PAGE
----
UT no “Except as provided in section 62A-4a-1007 [pertaining to the making of false reports] the division and law enforcement officials shall ensure the anonymity of the person or persons making the initial report and any others involved in its subsequent investigation.” Stats. § 62A-4a-412
VT yes “The name of and any identifying information about either the person making the report or any person mentioned in the report shall be confidential unless the person making the report Specifically allows disclosure or unless a judicial proceeding results therefrom or unless a court, after a hearing, finds probable cause to believe that the report was not made in good faith and orders the department to make the name of the reporter available.” 33 Stats. § 4913
VA no no
WA “The department shall make reasonable efforts to learn the name, address, and telephone number of each person making a report of abuse or neglect under this section.” Code § 26.44.030 “The department shall provide assurances of appropriate confidentiality of the identification of persons reporting under this section.” Code § 26.44.030
WV no “A copy of any report of serious physical abuse, sexual abuse or assault shall be forwarded by the department to the appropriate law-enforcement agency, the prosecuting attorney or the coroner or medical examiner’s office. All reports under this article shall be confidential and unless there are pending proceedings with regard thereto shall be destroyed thirty years following their preparation.” Code § 49-6a-5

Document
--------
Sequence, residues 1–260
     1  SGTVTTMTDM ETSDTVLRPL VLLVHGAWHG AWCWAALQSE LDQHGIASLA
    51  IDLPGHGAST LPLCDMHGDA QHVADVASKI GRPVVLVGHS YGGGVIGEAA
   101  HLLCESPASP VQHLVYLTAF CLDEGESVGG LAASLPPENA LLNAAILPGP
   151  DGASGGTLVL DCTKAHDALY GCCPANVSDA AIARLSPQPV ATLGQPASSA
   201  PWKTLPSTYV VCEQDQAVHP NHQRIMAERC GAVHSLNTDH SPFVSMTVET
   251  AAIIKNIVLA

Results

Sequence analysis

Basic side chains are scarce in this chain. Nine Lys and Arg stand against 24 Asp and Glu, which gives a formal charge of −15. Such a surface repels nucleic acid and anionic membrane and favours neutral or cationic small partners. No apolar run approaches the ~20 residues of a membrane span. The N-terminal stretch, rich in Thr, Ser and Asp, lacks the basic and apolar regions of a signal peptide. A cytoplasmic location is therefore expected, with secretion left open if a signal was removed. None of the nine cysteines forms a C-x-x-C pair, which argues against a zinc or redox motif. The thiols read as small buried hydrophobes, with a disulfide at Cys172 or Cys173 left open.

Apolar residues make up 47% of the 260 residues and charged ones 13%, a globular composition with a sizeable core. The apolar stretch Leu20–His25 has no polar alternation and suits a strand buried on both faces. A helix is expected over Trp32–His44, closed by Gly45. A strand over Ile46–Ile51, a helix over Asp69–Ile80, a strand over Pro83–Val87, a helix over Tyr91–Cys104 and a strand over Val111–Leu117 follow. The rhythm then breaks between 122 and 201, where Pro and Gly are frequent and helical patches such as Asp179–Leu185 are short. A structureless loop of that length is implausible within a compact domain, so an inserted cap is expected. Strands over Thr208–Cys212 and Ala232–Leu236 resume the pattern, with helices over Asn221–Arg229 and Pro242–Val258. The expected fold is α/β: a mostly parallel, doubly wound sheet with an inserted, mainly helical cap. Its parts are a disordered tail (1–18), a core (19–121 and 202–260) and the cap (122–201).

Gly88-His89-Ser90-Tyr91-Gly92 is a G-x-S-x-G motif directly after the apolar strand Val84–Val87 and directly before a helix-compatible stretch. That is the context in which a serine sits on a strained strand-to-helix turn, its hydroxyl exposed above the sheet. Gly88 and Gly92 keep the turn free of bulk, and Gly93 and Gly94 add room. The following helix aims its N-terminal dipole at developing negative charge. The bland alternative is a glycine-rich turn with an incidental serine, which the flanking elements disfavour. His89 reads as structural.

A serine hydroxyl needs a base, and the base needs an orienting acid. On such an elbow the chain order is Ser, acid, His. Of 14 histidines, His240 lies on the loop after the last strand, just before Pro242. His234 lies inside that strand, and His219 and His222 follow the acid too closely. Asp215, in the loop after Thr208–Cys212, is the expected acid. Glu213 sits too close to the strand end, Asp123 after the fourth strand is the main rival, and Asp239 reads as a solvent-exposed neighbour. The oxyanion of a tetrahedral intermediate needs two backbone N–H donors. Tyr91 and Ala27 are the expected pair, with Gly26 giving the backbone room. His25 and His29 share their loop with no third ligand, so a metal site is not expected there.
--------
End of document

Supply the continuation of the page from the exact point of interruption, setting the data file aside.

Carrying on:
WI no “An agency may not disclose any [information contained in a child abuse report] if any of the following applies … disclosure of the information would reveal the identity of a reporter or any other person who provides information relating to the suspected abuse or neglect of the child.” Code § 48-981
WY no “All records concerning reports and investigations of child abuse or neglect are confidential except as provided by [sections 14-3-201 through 14-3-215]. Any person who willfully violates this subsection is guilty of a misdemeanor and upon conviction shall be fined not more than five hundred dollars (0.00) or imprisoned in the county jail not more than six (6) months, or both.” Stats. § 14-3-214